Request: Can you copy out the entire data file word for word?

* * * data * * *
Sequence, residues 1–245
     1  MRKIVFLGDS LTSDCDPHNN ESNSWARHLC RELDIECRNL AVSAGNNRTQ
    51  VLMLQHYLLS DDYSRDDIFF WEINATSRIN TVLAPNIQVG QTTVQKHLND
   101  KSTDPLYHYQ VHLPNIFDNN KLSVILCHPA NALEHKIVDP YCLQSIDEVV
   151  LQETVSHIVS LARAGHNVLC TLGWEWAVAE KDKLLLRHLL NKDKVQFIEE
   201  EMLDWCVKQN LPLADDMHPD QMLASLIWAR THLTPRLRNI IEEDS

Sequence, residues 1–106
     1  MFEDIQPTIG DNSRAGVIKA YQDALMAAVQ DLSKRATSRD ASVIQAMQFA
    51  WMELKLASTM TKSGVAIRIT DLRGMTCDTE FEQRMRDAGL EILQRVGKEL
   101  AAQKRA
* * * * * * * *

Sequence, residues 1–245
     1  MRKIVFLGDS LTSDCDPHNN ESNSWARHLC RELDIECRNL AVSAGNNRTQ
    51  VLMLQHYLLS DDYSRDDIFF WEINATSRIN TVLAPNIQVG QTTVQKHLND
   101  KSTDPLYHYQ VHLPNIFDNN KLSVILCHPA NALEHKIVDP YCLQSIDEVV
   151  LQETVSHIVS LARAGHNVLC TLGWEWAVAE KDKLLLRHLL NKDKVQFIEE
   201  EMLDWCVKQN LPLADDMHPD QMLASLIWAR THLTPRLRNI IEEDS

Sequence, residues 1–106
     1  MFEDIQPTIG DNSRAGVIKA YQDALMAAVQ DLSKRATSRD ASVIQAMQFA
    51  WMELKLASTM TKSGVAIRIT DLRGMTCDTE FEQRMRDAGL EILQRVGKEL
   101  AAQKRA